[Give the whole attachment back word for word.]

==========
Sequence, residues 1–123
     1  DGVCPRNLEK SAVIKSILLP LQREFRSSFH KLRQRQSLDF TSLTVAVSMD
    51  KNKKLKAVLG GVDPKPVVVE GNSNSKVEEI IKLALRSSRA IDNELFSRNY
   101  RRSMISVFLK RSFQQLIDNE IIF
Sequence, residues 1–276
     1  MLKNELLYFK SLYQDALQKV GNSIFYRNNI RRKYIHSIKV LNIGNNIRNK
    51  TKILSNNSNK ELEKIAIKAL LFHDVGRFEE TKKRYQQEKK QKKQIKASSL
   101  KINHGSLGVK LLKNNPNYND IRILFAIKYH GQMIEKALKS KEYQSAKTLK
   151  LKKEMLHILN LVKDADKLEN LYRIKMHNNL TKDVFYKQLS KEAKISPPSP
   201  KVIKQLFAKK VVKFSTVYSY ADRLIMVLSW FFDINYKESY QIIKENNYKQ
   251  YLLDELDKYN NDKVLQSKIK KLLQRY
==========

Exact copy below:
Sequence, residues 1–123
     1  DGVCPRNLEK SAVIKSILLP LQREFRSSFH KLRQRQSLDF TSLTVAVSMD
    51  KNKKLKAVLG GVDPKPVVVE GNSNSKVEEI IKLALRSSRA IDNELFSRNY
   101  RRSMISVFLK RSFQQLIDNE IIF
Sequence, residues 1–276
     1  MLKNELLYFK SLYQDALQKV GNSIFYRNNI RRKYIHSIKV LNIGNNIRNK
    51  TKILSNNSNK ELEKIAIKAL LFHDVGRFEE TKKRYQQEKK QKKQIKASSL
   101  KINHGSLGVK LLKNNPNYND IRILFAIKYH GQMIEKALKS KEYQSAKTLK
   151  LKKEMLHILN LVKDADKLEN LYRIKMHNNL TKDVFYKQLS KEAKISPPSP
   201  KVIKQLFAKK VVKFSTVYSY ADRLIMVLSW FFDINYKESY QIIKENNYKQ
   251  YLLDELDKYN NDKVLQSKIK KLLQRY